Typical “turn of the century” farm woman, washing clothes on a scrub board while looking after the little ones.
Over the past year or so we have related stories about the early history and development of Leduc and area. Most of the stories were about the men who came, stayed, and contributed to Leduc’s rich heritage, but behind these men were the real unsung heroes, the women of Leduc.
Some like Ma Aicher or Maria Ann Heath were known for their business sense and contributed to the development of Leduc’s downtown. However, most made their contributions behind the scenes. They were the true homemakers and when times got tough it would be their resourcefulness and ingenuity that provided the key to the survival of a homestead.
The 1890’s were hard on the first settlers of Leduc and District. Winters were long and cold followed by wet springs and crop failures were not uncommon. When food was low and the roads impassable, it would be the ladies that would find a way to feed their families. They were able to adapt a coffee mill into a grinder for flour. Wheat would be sifted through with the coarser meal being turned into porridge or puddings and the finer for bread or biscuits.
Long before Robin Hood or Pillsbury, the most popular flour was called Strong Bakers. It came in three grades, dark, darker, and darkest. Not many used the darkest grade as they thought it was made up from the mill’s sweepings! Strong Bakers not only fed homesteaders but in many cases it also provided the table and bed linen, curtains and drapes, as well as clothing including sunbonnets.
The most popular drink was called tea-dust, which contained a little tea and a lot of dust! Coffee often came from bread crusts that were dried and browned in an oven. Some times barley was substituted for the bread.
Most homesteader wives learned to adapt their cooking with the animals found on the land. Prairie chicken, wild duck, and partridge, along with fish, provided a change from the normal diet of rabbit. Rabbits were found everywhere and became the main stable for many homesteaders’ families. Women learned to boil, stew, fry, and roast rabbit. They could dry, hash, frizzle, and corned rabbits. They would make pies, croquettes, or sausage rabbits at a drop of a hat.
Like rabbits vegetables were served in a variety of ways. Carrots could be found in soups and stews, mashed, creamed, or fried. Some also found their way into desserts when they were covered in sugar and cream. Early pioneer women learned to preserve the berries that grew wild, but the favorite desert was dried apples with syrup.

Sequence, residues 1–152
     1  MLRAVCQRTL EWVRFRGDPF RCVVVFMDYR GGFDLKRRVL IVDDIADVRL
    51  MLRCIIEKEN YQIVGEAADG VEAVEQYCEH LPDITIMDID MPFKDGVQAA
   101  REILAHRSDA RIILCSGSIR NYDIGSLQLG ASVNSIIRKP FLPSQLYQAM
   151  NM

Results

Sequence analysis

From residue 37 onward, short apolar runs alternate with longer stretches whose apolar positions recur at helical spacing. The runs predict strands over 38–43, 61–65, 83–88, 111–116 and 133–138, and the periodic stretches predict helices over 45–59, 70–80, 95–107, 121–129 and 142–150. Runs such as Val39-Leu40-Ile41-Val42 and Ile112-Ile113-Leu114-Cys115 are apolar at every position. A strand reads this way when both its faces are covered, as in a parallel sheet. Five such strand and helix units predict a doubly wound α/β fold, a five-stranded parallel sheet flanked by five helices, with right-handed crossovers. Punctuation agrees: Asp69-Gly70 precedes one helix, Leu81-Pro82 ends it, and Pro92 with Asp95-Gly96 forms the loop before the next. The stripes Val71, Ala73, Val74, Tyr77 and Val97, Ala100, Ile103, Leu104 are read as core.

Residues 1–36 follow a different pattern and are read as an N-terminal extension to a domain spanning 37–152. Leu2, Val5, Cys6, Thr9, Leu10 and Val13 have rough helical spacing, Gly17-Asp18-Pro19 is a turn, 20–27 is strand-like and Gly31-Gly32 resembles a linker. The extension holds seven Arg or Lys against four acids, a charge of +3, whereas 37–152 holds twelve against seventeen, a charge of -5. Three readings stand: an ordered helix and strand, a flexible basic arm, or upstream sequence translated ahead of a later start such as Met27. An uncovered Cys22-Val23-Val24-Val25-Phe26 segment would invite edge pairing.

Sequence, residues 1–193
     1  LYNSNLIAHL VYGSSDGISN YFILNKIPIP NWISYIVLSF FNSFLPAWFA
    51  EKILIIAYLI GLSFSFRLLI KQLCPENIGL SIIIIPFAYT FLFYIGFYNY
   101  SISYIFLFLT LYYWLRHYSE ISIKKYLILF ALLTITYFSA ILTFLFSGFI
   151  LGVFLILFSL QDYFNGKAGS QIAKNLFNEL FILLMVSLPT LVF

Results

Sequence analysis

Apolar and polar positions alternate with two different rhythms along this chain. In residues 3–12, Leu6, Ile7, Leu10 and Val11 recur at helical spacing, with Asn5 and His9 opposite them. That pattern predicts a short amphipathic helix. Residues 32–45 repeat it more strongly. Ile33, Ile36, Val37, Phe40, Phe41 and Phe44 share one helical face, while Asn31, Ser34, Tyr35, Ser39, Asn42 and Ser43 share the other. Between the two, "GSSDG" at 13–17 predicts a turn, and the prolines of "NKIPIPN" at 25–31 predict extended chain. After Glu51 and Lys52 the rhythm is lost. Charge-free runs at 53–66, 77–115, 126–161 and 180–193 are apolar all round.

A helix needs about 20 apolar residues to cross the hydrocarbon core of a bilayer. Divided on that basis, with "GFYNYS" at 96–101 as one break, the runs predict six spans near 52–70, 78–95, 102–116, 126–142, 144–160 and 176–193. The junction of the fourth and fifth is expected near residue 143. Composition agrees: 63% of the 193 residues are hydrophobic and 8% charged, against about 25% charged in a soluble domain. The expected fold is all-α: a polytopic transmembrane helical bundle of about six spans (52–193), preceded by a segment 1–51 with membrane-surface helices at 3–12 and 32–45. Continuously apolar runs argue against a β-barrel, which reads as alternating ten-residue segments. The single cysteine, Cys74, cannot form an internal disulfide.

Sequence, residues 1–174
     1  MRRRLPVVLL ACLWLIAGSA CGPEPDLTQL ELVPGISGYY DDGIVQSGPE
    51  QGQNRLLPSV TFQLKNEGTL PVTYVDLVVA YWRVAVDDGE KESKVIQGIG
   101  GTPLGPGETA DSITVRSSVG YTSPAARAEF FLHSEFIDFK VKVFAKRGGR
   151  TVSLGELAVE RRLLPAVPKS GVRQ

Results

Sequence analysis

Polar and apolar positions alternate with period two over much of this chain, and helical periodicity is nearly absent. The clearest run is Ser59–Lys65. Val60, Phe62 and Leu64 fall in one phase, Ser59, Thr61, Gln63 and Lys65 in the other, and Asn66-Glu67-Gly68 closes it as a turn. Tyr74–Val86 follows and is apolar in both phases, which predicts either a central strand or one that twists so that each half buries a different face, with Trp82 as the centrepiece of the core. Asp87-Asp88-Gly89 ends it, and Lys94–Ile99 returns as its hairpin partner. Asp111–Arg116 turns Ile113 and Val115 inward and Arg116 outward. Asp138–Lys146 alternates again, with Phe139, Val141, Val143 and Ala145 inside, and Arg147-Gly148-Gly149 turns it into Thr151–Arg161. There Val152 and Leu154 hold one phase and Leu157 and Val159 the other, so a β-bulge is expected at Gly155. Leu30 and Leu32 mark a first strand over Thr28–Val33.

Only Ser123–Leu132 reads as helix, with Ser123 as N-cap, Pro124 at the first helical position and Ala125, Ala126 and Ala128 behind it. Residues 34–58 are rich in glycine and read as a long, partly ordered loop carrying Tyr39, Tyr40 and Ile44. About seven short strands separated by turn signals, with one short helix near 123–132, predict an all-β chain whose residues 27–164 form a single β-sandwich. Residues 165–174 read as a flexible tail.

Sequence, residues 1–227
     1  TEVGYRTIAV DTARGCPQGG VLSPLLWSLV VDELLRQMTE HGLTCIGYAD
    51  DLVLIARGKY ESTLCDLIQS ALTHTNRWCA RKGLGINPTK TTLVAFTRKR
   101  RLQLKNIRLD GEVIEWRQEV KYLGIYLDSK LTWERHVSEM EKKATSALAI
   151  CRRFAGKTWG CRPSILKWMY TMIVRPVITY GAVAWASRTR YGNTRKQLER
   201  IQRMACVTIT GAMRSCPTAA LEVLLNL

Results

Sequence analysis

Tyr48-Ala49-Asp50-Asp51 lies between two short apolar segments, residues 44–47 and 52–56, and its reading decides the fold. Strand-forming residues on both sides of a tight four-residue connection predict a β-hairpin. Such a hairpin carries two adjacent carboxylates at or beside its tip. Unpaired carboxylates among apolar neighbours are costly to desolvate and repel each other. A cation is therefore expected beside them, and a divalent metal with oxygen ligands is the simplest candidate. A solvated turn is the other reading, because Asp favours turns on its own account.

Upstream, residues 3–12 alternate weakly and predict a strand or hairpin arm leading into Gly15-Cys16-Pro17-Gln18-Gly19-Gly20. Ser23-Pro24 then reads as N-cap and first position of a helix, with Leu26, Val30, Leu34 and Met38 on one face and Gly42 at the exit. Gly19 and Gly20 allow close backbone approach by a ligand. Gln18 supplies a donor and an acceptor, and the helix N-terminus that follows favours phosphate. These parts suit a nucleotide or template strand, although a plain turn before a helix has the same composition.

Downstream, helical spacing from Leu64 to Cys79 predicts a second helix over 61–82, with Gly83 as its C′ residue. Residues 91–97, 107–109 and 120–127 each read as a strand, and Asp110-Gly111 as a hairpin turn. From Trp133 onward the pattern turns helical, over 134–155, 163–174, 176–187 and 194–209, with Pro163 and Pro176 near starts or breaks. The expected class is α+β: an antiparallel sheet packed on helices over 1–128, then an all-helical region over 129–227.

From 1900 to 1905 there was so much rain most “root cellars” became flooded making the normal way vegetables had been stored unusable, so the women arranged to have root houses built into the side of a hill.
Women were able to adapt the environment to their families needs. Mrs. Mary Simonton, from Conjuring Creek, is credited with being the first person to tame fruit shrubs. By 1902 she had successfully ripened red and white strawberries along with raspberries and currents. She would also be credited of being the first to raising less hardy vegetables like corn, tomatoes, and cucumbers.
Pioneer women were good cooks and would become know for their skills in preparing a special dish. Some were noted for their pies, others for their baking skills, and still others for their fried chicken or roast mutton. Whenever there was a social or a wedding, the women would come together and bring their best efforts to the occasion to the delight of all those in attendance.
Eventually, they would become a major factor in the success of farm fairs as their skills and efforts would become a main attraction for people attending the fair.
The times were hard and often settlers had to go without, but the women of the day seemed to always find a way to make things better, from a good home cooked meal, to a simple cup of tea-dust. Their ability to adapt and make things better is a major reason why Leduc has been able to grow into the rich and diverse community of today.